From the deep seas of southern Australia, a previously unknown fauna has started to emerge. In recent publications, Australian Museum Research Associates Dr Anders Hallan and Dr Francesco Criscione name a plethora of venomous deep-sea snails.

Roaming the deep ocean off our southern coastlines are venomous, carnivorous snails of the superfamily Conoidea. Not your usual suspects, these are innocuous-looking, shell-bearing creatures superficially masquerading as any other sea snail. That is, until you examine the animals inside – a considerable part of their anatomy is, in most species, dedicated to housing a large, complex venom apparatus. It is this anatomical feature that makes this extremely diverse group so unique among molluscs.

Over the past four years, our knowledge of Australian deep-sea conoideans has improved considerably. Collaborating with researchers in Europe, we have pieced together a large and almost entirely unknown fauna of the ‘turrids’, a large family conglomerate that together with the Conidae (cone snails) and Terebridae (auger snails) comprise this fascinating superfamily.

Of the ‘turrids’, we have named twelve new genera of the family Raphitomidae, with nearly fifty new species already described or in press. Other groups under our microscope during this collaboration include the rare Bouchetispiridae, Cochlespiridae, and the namesake family Turridae, where all ‘turrids’ were previously placed. Why the quotes, you ask? This is to allow the distinction between the true Turridae from this large informal grouping.


Diverse gastropods: assortment of Australian deep-sea ‘turrids’.

Diverse gastropods: assortment of Australian deep-sea ‘turrids’.

Image: Anders Hallan and Francesco Criscione
© Australian Museum

These animals can travel far – through a combination of molecular and morphological data we have discovered that some species are cosmopolitan, occurring in all of the world’s major oceans. In the deep, temperature and salinity are relatively constant from the poles to the tropics. Combined with few bathymetric barriers to separate populations, the potential for gene flow is significant.

Many of the species we have studied are extremely rare, with some even known from a single specimen. In the abyss, the increased dissolution of calcium carbonate – the building blocks of all mollusc shells – translates into thin, fragile and often eroded shells with few characteristic features, at times making identification extremely difficult. In combination with wide distributions, these factors make deep-sea 'turrids' a very challenging, yet highly important group to study. Commonly dominant in the deep sea in terms of species richness, and loaded with pharmacologically important venoms, an understanding of their biodiversity, distribution, and evolutionary relationships is crucial.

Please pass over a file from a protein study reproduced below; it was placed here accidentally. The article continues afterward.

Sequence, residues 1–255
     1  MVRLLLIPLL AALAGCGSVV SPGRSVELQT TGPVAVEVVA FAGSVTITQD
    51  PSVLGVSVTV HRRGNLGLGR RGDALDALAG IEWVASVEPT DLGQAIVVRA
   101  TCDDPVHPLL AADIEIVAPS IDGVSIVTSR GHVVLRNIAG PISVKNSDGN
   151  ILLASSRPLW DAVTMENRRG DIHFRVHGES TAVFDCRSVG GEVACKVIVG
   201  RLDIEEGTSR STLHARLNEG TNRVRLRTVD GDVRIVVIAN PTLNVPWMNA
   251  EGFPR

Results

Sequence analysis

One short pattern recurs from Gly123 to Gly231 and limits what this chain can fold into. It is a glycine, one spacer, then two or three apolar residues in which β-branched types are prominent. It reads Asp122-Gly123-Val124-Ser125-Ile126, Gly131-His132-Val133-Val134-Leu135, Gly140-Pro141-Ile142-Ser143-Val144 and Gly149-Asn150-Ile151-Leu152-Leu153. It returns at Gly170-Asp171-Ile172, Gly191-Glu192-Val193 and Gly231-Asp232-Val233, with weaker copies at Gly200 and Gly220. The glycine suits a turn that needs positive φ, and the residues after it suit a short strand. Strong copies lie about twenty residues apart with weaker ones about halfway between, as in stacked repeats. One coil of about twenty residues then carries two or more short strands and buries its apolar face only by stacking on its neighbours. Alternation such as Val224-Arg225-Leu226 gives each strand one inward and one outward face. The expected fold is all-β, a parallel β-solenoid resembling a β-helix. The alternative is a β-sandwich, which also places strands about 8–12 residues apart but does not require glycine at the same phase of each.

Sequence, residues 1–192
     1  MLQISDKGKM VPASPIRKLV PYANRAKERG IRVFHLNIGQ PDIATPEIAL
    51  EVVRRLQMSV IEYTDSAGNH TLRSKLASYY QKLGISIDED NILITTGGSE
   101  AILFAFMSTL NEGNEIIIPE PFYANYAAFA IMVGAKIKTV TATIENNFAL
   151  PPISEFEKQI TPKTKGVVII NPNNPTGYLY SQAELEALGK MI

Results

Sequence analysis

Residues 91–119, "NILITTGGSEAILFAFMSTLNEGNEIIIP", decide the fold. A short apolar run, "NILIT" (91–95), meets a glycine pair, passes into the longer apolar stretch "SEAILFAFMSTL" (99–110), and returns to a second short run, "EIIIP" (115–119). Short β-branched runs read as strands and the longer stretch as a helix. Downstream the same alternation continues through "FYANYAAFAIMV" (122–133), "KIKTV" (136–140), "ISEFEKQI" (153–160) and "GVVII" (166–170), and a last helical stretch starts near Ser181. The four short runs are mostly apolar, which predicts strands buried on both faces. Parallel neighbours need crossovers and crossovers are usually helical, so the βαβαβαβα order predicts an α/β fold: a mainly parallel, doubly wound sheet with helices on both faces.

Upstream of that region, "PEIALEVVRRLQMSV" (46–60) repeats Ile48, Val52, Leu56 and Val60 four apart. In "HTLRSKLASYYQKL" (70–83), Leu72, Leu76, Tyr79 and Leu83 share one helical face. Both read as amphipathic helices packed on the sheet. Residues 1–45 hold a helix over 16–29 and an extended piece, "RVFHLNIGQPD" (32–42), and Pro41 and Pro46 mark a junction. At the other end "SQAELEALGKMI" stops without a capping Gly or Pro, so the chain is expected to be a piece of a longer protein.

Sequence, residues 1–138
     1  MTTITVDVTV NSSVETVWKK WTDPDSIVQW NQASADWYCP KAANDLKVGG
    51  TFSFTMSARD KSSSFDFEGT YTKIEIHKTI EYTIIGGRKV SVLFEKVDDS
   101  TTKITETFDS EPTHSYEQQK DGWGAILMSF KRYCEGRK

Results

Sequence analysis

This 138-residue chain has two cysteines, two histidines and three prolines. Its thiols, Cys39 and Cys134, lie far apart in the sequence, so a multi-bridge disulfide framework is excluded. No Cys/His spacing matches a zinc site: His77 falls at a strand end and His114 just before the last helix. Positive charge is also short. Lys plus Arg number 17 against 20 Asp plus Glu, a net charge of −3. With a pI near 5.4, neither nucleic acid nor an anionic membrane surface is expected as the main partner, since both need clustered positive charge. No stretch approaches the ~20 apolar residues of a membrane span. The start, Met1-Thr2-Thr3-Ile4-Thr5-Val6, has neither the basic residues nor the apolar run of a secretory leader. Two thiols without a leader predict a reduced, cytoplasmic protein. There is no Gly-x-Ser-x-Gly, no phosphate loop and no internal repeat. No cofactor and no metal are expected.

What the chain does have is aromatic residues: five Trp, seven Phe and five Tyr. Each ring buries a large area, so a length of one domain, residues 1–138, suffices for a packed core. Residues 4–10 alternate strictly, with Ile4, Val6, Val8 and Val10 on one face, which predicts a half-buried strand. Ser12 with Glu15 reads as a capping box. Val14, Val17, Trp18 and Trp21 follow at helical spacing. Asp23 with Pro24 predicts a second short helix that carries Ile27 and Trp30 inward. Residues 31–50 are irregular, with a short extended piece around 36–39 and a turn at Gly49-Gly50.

Hypodermic teeth of new deep-sea ‘turrid’ species. The venom is channelled through the tooth and injected through the sharp tip, initiated by a powerful contraction of a muscle in the snails’ venom apparatus.

Hypodermic teeth of new deep-sea ‘turrid’ species. The venom is channelled through the tooth and injected through the sharp tip, initiated by a powerful contraction of a muscle in the snails’ venom apparatus.

Image: SEM images by Anders Hallan & Francesco Criscione
© Australian Museum

This project would not have been possible without the support of the Australian Biological Resources Study (ABRS) and the prolific deep-sea exploration and sampling in recent years aboard the Research Vessel Investigator. As the samples have steadily resurfaced, our knowledge of this mysterious fauna has deepened. Through intensive study of multiple genes, careful examination of hypodermic teeth, venom anatomy, shell morphology and biogeography, we are now starting to appreciate the nature and diversity of deep-sea ‘turrids’ in Australia.


Dr Anders Hallan, Research Associate, Malacology, Australian Museum Research Institute.

Dr Francesco Criscione, Research Associate, Malacology, Australian Museum Research Institute.


More information:

  • Criscione, F., Hallan, A., Puillandre, N., & Fedosov, A. E. 2020. Where the snails have no name: a molecular phylogeny of Raphitomidae (Neogastropoda: Conoidea) uncovers vast unexplored diversity in the deep seas of temperate southern and eastern Australia. Zoological Journal of the Linnean Society. 191 (4), 961–1000. DOI: 10.1093/zoolinnean/zlaa088.
  • Hallan, A., Criscione, F., Fedosov, A. & Puillandre, N. 2021. Few and far apart: integrative taxonomy of Australian species of Gladiobela and Pagodibela (Conoidea : Raphitomidae) reveals patterns of wide distributions and low abundance. Invertebrate Systematics. 35(2): 181–202. DOI: 10.1071/is20017.
  • Hallan, A., Criscione, F., Fedosov, A. E. & Puillandre, N. 2020. Bouchetispira ponderi n. sp. (Conoidea: Bouchetispiridae), a new deep-sea gastropod from temperate Australia. Molluscan Research, 40:1, 86-92. DOI: 10.1080/13235818.2019.1681626.
  • Zaharias, P., Kantor, Y. I., Fedosov, A. E., Criscione, F., Hallan, A., Kano, Y., Bardin, J., & Puillandre, N. 2020. Just the once will not hurt: DNA suggests species lumping over two oceans in deep-sea snails (Cryptogemma). Zoological Journal of the Linnean Society 190(2), 532–557. DOI: 10.1093/zoolinnean/zlaa010.